Cobre Panama Considers Expansion

An aerial photo shows the Cobre Panama processing facilities, which are ramping up to 100 million metric
tons per year beginning in 2023. (Photo: First Quantum Minerals)
First Quantum Minerals has filed an updated technical report for its Cobre Panama project in Panama that incorporates updates with respect to ramp-up and commissioning of the current operation and provides detail on a planned expansion of project throughput from 85 million metric tons per year (mt/y) to 100 million mt/y starting in 2023. The report also includes an updated production schedule and mineral resource and reserve tables that reflect the inclusion of grade-control drill-hole data.

Inclusion of the new data has improved geological confidence for the project’s Botija pit, but represents no overall material change to the mineral resources and reserves previously disclosed. The expanded throughput to 100 million mt/y involves earlier development of the adjacent Colina pit, the addition of a ninth mill, an expanded mining equipment fleet, additional conveyors, an in-pit crusher, and other infrastructure related to Colina access. The total cost of the expansion to 100 million mt/y is estimated at approximately $327 million. Average production levels of copper in concentrate are expected to exceed 375,000 mt/y after year five. The expansion also significantly improves the overall project economics.

The Cobre Panama project is located 120 kilometers (km) west of Panama City, Panama, and 20 km from the Caribbean coast. The topography in the concession area is low elevation (less than 300 m) but rugged, with considerable local relief covered by dense rainforest. Climatic conditions are tropical, with high precipitation levels, high humidity, and relatively high temperatures of 25° to 30° C year-round. Mining is based on large-scale, conventional open-pit mining methods. Multiple pits will be mined in an optimized sequence, with ore crushed in-pit and conveyed overland to a nearby processing plant.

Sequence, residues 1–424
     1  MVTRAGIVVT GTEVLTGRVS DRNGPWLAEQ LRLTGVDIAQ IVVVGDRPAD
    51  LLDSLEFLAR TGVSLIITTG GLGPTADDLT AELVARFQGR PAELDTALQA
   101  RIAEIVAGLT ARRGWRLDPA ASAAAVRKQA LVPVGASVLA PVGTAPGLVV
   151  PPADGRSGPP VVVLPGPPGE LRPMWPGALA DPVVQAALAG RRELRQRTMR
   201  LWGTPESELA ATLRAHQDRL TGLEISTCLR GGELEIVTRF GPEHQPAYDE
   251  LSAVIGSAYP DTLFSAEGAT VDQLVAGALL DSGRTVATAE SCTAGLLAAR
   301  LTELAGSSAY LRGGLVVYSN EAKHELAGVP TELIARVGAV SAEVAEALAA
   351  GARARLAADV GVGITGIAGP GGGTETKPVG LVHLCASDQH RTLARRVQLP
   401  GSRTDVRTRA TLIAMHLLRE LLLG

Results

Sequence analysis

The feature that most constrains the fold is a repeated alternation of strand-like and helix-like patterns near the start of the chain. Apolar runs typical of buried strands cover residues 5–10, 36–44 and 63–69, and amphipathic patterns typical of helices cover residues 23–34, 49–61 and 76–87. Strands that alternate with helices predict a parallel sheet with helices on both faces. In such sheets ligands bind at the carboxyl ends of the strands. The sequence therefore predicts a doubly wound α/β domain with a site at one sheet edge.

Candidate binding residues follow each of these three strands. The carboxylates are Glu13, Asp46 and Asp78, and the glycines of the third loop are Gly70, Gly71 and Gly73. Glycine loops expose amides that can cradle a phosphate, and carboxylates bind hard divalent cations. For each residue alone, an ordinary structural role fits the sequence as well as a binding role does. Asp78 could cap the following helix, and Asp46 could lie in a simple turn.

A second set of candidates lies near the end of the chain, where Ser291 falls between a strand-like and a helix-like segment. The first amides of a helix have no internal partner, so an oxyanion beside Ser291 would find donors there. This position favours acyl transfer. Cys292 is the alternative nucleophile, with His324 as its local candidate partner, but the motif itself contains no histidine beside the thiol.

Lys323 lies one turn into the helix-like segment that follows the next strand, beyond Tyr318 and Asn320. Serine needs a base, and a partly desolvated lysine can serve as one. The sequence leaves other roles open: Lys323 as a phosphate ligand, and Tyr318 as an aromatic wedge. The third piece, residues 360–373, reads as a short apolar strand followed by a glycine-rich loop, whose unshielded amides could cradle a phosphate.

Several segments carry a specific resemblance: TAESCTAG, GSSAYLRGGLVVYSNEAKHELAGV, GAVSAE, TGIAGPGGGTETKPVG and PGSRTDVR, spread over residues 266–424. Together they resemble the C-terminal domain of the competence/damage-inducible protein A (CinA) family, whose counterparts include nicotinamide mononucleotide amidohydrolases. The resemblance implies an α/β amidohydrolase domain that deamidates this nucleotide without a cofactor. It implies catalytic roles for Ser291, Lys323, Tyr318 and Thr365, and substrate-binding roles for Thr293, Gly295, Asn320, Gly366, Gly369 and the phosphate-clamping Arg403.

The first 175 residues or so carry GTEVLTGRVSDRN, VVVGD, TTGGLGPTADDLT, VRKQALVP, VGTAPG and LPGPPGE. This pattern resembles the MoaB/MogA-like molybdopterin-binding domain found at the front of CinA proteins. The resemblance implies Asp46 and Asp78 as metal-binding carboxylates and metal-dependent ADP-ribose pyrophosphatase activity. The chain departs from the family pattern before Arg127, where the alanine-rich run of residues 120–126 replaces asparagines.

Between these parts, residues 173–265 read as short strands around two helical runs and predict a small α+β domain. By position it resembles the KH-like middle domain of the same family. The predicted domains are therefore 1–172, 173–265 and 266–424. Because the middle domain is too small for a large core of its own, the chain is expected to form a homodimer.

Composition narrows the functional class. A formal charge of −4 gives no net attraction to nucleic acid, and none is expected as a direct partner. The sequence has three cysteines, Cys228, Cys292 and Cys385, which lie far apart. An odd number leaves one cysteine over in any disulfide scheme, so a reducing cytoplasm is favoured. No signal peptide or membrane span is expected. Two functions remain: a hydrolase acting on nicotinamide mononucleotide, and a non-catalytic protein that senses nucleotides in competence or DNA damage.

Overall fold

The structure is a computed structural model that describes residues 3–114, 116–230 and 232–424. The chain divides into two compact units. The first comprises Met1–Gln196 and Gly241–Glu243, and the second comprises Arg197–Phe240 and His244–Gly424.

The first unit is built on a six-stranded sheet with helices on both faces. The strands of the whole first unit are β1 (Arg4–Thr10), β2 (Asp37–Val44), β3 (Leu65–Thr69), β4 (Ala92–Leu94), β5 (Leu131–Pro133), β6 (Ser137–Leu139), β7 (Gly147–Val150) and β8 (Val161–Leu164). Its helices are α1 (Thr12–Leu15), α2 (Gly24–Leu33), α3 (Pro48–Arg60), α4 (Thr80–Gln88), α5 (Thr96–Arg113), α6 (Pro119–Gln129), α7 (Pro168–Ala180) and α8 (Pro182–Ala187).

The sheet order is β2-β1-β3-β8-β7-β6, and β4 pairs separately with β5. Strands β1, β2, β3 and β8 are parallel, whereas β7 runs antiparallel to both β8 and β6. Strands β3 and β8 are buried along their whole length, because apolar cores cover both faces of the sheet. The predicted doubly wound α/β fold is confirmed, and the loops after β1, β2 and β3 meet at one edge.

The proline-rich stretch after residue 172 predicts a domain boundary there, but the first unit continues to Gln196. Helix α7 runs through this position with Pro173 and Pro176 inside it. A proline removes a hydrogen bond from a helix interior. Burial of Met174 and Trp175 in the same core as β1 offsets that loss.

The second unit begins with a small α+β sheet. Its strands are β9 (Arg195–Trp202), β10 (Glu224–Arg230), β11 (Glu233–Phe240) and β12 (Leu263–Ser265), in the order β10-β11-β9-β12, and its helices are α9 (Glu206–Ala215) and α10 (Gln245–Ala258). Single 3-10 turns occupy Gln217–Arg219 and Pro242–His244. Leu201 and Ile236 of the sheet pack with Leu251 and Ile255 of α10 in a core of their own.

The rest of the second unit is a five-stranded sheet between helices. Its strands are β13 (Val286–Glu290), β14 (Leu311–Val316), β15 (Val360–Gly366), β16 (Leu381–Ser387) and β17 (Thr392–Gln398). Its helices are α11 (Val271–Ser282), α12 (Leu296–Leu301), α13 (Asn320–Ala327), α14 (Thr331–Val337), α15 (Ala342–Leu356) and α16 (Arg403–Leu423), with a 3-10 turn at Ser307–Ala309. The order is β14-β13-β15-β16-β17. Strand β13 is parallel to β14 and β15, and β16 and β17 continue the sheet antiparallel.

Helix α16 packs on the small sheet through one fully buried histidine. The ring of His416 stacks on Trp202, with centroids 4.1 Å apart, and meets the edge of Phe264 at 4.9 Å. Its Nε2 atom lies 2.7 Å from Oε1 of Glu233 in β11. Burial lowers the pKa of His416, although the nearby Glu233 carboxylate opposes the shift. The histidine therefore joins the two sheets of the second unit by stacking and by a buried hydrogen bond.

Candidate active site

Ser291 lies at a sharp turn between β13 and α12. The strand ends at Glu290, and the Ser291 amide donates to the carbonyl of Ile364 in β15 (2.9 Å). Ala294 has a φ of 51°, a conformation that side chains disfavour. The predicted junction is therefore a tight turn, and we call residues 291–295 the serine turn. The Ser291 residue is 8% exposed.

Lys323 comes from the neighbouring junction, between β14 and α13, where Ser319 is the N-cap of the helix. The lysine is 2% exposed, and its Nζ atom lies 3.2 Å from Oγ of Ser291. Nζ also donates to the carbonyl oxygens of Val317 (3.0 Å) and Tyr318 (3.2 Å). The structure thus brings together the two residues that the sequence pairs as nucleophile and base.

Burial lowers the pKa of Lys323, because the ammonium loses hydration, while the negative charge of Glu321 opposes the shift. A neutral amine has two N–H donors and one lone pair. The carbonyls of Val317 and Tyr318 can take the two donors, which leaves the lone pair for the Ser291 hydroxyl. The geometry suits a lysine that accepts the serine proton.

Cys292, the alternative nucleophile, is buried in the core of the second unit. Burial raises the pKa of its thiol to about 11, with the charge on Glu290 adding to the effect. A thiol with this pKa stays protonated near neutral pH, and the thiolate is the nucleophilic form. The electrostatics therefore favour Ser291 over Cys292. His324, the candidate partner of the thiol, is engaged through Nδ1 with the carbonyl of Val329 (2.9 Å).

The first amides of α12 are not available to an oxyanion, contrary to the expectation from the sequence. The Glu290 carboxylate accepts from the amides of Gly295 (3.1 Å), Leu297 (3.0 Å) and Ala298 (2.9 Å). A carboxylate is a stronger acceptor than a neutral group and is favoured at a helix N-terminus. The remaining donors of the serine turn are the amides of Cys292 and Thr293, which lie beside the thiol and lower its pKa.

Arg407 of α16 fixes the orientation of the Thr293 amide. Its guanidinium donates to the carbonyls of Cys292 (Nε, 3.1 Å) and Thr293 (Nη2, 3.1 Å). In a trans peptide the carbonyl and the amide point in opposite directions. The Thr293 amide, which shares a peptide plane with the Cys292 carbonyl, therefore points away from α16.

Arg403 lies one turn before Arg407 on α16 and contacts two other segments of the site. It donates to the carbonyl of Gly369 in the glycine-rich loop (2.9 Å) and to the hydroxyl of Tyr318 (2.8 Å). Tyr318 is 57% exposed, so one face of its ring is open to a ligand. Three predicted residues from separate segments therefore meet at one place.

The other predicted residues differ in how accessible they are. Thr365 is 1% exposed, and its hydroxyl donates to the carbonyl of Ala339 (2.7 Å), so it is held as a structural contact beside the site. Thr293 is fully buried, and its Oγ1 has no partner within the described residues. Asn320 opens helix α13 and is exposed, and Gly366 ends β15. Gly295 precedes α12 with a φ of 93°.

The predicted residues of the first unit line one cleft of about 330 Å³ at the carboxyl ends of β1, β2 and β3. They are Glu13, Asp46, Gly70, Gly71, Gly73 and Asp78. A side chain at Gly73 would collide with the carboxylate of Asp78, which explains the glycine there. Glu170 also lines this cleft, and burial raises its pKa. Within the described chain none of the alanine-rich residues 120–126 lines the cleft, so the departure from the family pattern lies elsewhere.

Processing plant design is based on a conventional sulphide ore flotation circuit, with differential flotation producing separate copper and molybdenum concentrate products. Plant tailings will be directed to an area immediately north of the mine and plant site and also into the depleted Botija pit at the cessation of mining. The copper concentrate product will be piped as a slurry at a distance of 25 km to a port at Punta Rincon on the Caribbean coast, where it will be loaded on to vessels for shipping to world markets. The molybdenum concentrate will be delivered to port by road and shipped in containers.

Project power will be generated by a coal-fired power station at the port and transmitted to the mine site along the same access corridor that accommodates the concentrate pipeline. Surplus power can be supplied to the national grid, as available.

As featured in Womp 2019 Vol 05 -